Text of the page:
Statements Lie to You!
It is absolutely true that statements are NOT a reflection of reality. It sounds shocking, but consider this example (we could provide more). Statements are misleading because they do not reflect the taxes you pay on your portfolio and they also do not reflect investment expenses. Neither of these are line items you can observe on your statements.
Is your Advisor good? Your statements won’t tell you. In fact, they will lie to you.
A careful Advisor is aware of the value of asset location, tax efficient investing, and possesses a willingness to be thorough and investigate the details that separate a good investment from a perfect investment for clients. Maddening to us, all of these characteristics, extra effort, and the savings and value they provide is never specifically reflected on statements! In the same manner, the absence of these characteristics, considerations, and thoroughness results in lost opportunities, which do have a cost, and are equally difficult to discern because they are also not reflected on statements!
Allow us to provide a simple example – assume there are two Advisors, A and B. Both are independent and employed by an RIA. Both Advisors know that a mutual fund isn’t the best way to make this particular investment, but there are two exchange traded funds that fit the bill, Fund X and Fund Z. These funds are the largest funds in the category, both trade with plenty of volume, providing sufficient liquidity and minimal spread. Both funds yield the same and they are virtually identical with the exception that fund X has lower investment expenses (.19% versus .21%). Advisor A feels comfortable he has evaluated the situation and selects Fund X with lower fees. Advisor B continues the investigation, digging a little deeper, and determines that Fund X, which costs less, has QDI, or qualified dividend income, of 70% and Fund Z has QDI of 100%. This means that for every $100 of yield the investor in Fund X receives, they pay taxes on $70 at 23.8% and taxes on $30 at ordinary tax rates or 39.6%, which equates to total taxes of $28.54 per $100 of income. The investor in Fund Z pays taxes of just 23.8% on the entire amount, or total taxes of $23.80 per $100 of income. Assuming the following: an investment of $1M, Fund X has expenses of 19 basis points, or 0.19%, Fund Z has expenses of 21 basis points, or 0.21%, and after one year there is no change in the price of the asset.
If you only looked at the statements, it looks as if Advisor A did better for his client by choosing Fund X! In fact, each year it will appear to be even more convincing as the account balances continue to diverge and widen in favor of Advisor A!
How would you determine that Advisor B cared more for his client? He investigated more to learn there was a difference in the actual dividends of each fund and was further aware of the different tax treatment of those dividends, but the account statements and balances clearly show a larger balance for Advisor A? That is precisely what is maddening to us! Why is this?
Because you do NOT pay taxes out of this account!
When you pay taxes, most people pay them from another account and the statement balances do not include (subtract) the tax consequences of Advisor decisions. The tax bill the client must pay with the investment in Fund X purchased by Advisor A is $14,841. The tax bill the client must pay with the investment in Fund Z purchased by Advisor B is $12,376. The tax bill each investment creates is never presented clearly either – they are lost when combined with the hundreds of items on our tax returns. The final, actual, real, after tax difference between the two Advisors is $2,265. Advisor B has done better for his client in the real, after tax world we live in! Again – it is not reflected in the balance on the statement, in fact, the statements still reflect the same falsehood that Advisor A’s choice was more favorable!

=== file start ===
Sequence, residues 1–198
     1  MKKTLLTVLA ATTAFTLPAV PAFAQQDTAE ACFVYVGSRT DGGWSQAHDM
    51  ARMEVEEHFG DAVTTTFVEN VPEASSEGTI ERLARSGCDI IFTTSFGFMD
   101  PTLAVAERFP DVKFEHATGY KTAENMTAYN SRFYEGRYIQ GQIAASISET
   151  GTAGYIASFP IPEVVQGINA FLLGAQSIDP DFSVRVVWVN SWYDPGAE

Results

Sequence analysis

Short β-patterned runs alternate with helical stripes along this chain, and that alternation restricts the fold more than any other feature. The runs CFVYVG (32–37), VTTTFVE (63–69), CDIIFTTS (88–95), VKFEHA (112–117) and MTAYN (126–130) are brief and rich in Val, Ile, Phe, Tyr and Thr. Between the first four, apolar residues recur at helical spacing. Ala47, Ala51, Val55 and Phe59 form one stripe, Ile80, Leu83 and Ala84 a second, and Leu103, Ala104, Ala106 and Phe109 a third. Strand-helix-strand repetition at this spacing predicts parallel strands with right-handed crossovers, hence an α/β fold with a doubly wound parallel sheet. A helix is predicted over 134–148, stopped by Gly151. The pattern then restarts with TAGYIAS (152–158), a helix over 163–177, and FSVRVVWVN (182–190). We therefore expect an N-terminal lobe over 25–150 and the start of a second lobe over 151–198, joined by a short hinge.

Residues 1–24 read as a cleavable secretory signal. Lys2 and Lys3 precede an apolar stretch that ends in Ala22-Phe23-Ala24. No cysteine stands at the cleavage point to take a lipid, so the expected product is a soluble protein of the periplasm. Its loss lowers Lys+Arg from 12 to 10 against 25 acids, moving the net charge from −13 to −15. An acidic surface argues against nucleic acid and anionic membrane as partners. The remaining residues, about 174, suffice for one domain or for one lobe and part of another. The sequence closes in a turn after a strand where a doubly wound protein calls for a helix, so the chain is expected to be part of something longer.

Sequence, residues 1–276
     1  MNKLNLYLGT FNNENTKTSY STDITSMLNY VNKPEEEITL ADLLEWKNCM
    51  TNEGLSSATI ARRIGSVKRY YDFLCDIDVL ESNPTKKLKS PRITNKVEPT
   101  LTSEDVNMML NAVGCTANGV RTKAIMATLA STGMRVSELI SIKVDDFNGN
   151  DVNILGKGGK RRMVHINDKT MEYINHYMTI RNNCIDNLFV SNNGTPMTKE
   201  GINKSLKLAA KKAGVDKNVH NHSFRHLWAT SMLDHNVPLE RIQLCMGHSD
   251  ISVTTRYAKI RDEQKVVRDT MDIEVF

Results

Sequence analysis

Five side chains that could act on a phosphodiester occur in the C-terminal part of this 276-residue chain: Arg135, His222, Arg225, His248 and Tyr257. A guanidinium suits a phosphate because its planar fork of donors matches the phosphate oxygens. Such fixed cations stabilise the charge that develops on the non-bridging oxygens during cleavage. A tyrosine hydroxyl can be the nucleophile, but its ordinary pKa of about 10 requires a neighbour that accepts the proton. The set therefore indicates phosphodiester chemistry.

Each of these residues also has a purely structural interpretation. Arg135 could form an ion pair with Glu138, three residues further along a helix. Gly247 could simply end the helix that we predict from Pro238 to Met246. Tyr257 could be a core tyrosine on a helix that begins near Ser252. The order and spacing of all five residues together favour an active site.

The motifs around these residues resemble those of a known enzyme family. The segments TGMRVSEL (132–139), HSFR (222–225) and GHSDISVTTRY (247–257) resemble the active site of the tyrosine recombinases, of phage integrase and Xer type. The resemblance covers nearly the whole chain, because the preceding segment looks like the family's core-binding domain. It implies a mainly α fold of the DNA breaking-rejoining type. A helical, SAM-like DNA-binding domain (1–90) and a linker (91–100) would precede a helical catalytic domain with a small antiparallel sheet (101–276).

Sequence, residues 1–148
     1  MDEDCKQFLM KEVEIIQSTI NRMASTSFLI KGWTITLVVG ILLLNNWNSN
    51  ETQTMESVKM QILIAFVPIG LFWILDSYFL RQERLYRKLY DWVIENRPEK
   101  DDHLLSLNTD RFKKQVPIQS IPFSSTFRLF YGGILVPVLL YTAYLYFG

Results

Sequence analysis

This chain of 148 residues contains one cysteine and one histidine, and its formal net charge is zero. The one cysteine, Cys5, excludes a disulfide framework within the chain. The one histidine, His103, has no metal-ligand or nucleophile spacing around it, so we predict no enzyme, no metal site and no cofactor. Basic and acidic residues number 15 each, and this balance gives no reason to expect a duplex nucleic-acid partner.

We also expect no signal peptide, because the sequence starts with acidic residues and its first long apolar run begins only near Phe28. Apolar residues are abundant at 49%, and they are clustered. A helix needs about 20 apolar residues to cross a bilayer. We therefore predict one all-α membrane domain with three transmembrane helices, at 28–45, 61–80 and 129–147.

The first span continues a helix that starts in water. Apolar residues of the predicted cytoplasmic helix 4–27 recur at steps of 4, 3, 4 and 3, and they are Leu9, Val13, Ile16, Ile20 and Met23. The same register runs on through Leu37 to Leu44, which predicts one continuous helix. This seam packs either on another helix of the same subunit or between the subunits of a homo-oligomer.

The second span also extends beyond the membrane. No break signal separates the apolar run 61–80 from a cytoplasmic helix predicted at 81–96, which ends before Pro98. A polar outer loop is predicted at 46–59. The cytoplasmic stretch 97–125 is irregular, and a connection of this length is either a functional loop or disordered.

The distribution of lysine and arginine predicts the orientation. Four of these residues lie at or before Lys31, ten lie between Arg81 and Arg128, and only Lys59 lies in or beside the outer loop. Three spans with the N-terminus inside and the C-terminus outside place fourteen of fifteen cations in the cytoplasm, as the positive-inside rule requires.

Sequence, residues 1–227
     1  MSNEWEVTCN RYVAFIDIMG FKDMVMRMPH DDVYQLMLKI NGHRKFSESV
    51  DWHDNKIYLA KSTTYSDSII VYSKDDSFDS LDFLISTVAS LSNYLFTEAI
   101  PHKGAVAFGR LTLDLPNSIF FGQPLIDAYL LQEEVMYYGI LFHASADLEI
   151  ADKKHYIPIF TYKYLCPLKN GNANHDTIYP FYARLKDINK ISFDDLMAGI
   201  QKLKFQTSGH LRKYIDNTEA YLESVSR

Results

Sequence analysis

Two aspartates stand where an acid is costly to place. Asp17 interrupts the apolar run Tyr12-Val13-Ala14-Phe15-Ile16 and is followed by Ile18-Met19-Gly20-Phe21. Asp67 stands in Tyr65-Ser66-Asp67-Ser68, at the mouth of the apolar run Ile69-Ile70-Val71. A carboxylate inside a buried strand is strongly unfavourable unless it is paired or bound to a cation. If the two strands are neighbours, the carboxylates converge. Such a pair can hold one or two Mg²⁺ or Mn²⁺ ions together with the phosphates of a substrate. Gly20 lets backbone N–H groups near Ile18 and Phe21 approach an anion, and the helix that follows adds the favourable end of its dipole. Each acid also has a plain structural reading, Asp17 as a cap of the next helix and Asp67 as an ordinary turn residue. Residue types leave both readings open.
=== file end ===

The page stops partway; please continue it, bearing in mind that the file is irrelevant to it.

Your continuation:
$2,265 is not a huge sum, right? Well, this savings comes each and every year and compounds each year as well. The difference over 30 years @ 5% / year = $150,471. That is 15% of the original investment. Certainly, not trivial considering this is the result of just one single investment and a small additional investigative effort. This is an example of the extra effort we are willing to provide because we genuinely have client’s best interests at heart.
Aside: Both Advisors are comfortable they are doing better for their client than Advisor C, who works for a brand name wall street firm, he is persuaded by risk to his career and purchases his own firm’s mutual fund for a client, believing the fees are “fair” and ignoring the after-tax consequences of the mutual fund as a vehicle. An Advisor’s firm should never profit from their client. The dividends the mutual fund distributes is inclusive of capital gains, unlike an ETF, removing the Advisor’s ability to control the amount and timing of when to recognize capital gains. This tax in-efficient investment exacerbates the case of the lying statements even more, inflating statement balances even more, but brand name firms are aware their clients are not likely to know this, they also know the hidden costs of that investment will never appear on statements, the statement balance looks better, and they earn more on larger statement balances anyway.